Few Needy L.A. Kids Get Promised Tutoring
Only 4 percent of the thousands of poor students in struggling Los Angeles public schools who were eligible for tutoring got the help they were promised under the federal No Child Left Behind law, officials said Tuesday.
During a sometimes-heated, three-hour conference to encourage increased participation, parents complained that they were never told about the tutoring program in the Los Angeles Unified School District, which sometimes offers the same type of service for which parents pay $2,000 a year to private companies.
"The problem is that many of these programs, the parents are not aware of," said Maria Leon, a Griffith Middle School parent.
Federal officials, firms that provide tutoring services and school board President Jose Huizar joined in the chorus of condemnation of LAUSD failure to enroll more students in the program.
"It's astounding to me that we're not doing more," Huizar said. "These are poor kids who need the personalized attention to education. I think there is not a strong enough effort for us to do all the outreach we can."
School districts are required under the No Child Left Behind law to use a portion of their federal money to provide extra academic support for students whose household incomes are low enough for them to qualify for free and reduced school lunches. Also eligible for tutoring are students who have failed to meet academic improvement goals for more than one year.
In 2002-03, however, the LAUSD provided tutoring to fewer than 7,000 out of 164,434 eligible students -- not quite one out of every 23. Of nearly $60 million in federal funding for the district, only $1.8 million was spent on tutoring. The average cost per student is $1,500.
"You're clearly not meeting that demand right now," said Melanie Looney, a staff member for the U.S. House of Representatives Committee on Education and the Work Force.
Companies that provide tutoring services said they face a number of obstacles in the LAUSD. The district restricts their contact with principals and parents. In addition, parents who might not have legal immigration status are nervous about applying for the service and doubtful that it is free.
"It is the travesty that 90 percent of the eligible students are not signing up," said Carl Benson, owner of Tutors of the Inland Empire. "I've had (advertising) money refused. I don't know what else I can do."
This year, the number of eligible students in the LAUSD will jump to 230,000, and the district will be asked to set aside about $80 million for tutoring and other services. The required tutoring can be offered before, after or during school. It can also be provided on weekends.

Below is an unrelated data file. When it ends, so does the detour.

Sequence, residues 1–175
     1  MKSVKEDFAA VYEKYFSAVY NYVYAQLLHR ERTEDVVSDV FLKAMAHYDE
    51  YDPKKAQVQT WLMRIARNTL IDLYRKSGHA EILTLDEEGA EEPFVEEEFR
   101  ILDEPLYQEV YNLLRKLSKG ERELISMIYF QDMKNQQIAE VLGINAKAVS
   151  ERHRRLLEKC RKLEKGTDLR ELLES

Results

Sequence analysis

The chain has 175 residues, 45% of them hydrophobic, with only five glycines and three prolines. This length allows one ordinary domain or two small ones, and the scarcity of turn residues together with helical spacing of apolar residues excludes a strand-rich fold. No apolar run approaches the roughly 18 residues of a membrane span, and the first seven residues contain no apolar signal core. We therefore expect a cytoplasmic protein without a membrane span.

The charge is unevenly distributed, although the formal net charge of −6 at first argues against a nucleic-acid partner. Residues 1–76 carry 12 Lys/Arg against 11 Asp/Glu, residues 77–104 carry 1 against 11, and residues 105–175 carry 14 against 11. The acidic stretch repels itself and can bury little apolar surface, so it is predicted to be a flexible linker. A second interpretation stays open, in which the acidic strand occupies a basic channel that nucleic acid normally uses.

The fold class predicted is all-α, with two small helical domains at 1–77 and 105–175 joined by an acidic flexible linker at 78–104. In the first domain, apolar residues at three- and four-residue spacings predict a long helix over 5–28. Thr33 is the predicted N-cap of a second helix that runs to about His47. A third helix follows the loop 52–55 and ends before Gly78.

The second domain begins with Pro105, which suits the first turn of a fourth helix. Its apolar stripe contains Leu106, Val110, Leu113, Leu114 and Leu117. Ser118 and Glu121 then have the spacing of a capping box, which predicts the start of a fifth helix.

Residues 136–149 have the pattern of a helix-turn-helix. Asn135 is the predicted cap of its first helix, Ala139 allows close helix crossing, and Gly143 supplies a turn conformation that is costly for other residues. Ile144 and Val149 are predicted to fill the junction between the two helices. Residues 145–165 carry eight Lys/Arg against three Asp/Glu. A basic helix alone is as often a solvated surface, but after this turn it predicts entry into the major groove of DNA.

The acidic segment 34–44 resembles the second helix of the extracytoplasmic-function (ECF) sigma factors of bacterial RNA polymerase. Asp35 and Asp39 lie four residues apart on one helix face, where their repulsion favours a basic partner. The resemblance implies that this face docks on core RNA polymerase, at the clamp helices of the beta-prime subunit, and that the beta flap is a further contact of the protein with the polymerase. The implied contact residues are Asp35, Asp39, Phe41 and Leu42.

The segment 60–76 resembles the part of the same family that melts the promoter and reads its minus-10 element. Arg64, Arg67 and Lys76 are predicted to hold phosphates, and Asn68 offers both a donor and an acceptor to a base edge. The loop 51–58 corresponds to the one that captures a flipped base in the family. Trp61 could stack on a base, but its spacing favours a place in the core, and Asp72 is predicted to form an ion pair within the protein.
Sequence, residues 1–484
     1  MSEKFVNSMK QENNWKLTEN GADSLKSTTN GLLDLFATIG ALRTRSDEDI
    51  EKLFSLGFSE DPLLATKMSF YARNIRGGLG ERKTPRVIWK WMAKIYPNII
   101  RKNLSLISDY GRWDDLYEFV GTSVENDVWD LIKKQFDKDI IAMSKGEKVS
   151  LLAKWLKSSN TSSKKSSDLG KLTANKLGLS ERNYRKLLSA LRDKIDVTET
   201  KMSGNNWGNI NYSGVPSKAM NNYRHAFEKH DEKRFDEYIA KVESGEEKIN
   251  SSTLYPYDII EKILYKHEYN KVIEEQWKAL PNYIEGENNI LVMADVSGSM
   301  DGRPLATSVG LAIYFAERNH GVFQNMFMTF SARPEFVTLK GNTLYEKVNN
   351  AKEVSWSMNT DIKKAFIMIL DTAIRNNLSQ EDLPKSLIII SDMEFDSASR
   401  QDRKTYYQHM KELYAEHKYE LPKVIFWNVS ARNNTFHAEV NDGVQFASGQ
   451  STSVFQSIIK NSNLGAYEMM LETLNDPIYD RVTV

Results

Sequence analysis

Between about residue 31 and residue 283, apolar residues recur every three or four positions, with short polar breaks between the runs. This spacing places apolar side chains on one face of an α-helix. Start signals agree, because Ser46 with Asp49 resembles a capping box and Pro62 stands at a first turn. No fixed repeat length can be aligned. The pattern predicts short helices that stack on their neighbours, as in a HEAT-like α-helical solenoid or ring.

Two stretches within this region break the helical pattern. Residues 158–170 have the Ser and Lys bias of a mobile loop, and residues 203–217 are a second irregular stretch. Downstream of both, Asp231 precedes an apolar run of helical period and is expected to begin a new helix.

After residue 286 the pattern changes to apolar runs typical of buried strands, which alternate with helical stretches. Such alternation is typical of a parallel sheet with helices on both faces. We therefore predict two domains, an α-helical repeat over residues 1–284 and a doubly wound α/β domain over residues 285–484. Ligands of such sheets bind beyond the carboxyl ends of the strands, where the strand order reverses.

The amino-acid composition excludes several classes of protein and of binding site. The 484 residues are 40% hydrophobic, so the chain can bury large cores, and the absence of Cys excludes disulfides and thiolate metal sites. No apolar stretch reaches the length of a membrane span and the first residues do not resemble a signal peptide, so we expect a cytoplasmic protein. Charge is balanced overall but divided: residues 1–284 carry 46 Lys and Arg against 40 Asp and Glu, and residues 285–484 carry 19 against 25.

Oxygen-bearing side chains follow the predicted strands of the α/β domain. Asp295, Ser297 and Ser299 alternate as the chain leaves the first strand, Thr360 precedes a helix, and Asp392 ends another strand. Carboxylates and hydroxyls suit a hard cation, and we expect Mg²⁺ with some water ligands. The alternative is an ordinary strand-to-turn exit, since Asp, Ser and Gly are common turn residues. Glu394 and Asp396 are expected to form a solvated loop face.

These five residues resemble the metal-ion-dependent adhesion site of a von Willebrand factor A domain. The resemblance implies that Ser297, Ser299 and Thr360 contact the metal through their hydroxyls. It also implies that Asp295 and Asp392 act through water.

Becki Robinson, who oversees the tutoring program for the district, said the maximum number of students the LAUSD can serve is about 45,000. She said funding shortages prevent the district from more aggressively recruiting students.
"If we got all 230,000 kids, we couldn't serve three-quarters of them because the money isn't there," Robinson said.
But federal officials said the LAUSD is not taking the right stance on the extra services. School officials should be trying to reach every student who qualifies, not setting a cap on the program before it is even close to being filled, critics said.
Public schools in New York City, the nation's largest district, provided tutoring to about 65,000 of 212,000 eligible students last year, officials said.
"The difference is the attitude," Looney said. "My perspective is that (the LAUSD) is sending the wrong message."
Federal officials lauded some of the LAUSD efforts, including providing registration information in five languages, but said the low participation numbers show that something isn't working.
"It's the difference between working hard and working smart,' said Doug Mesecar, the federal education secretary's deputy chief of staff for policy. "The bottom line here is this is an ends to a means to getting all students to do better."
Parents who are interested in learning more about the tutoring program should contact their schools before the Sept. 30 deadline. Students who qualify for free and reduced lunches at more than 23 schools in the San Fernando Valley are eligible, including Cleveland, Monroe, Reseda, North Hollywood, Polytechnic, San Fernando and Sylmar high schools.
Jennifer Radcliffe, (818) 713-3722 email@example.com
Los Angeles Daily News
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